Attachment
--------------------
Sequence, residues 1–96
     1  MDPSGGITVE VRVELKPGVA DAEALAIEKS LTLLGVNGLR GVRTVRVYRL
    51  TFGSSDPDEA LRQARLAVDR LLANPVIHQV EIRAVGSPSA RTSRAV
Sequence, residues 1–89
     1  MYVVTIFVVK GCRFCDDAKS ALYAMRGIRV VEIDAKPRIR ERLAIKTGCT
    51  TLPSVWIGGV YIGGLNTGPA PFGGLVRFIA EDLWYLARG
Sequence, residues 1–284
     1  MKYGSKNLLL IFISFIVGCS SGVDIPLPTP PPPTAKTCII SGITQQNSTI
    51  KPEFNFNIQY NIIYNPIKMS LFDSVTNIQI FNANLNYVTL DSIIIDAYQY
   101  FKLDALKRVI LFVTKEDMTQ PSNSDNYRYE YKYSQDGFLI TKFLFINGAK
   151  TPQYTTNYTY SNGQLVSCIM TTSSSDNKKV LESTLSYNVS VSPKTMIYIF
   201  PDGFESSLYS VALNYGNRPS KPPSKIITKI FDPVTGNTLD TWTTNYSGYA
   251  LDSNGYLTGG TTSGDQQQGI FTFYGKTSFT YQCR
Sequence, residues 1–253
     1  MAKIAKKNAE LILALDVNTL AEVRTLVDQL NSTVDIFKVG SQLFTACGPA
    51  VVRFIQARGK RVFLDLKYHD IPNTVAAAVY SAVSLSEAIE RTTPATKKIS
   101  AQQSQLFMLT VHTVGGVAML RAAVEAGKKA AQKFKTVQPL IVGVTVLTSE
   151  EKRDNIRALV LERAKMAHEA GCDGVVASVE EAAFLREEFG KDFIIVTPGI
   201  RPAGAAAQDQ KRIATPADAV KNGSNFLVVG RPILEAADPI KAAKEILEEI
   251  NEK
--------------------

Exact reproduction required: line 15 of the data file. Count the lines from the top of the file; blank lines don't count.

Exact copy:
     1  MAKIAKKNAE LILALDVNTL AEVRTLVDQL NSTVDIFKVG SQLFTACGPA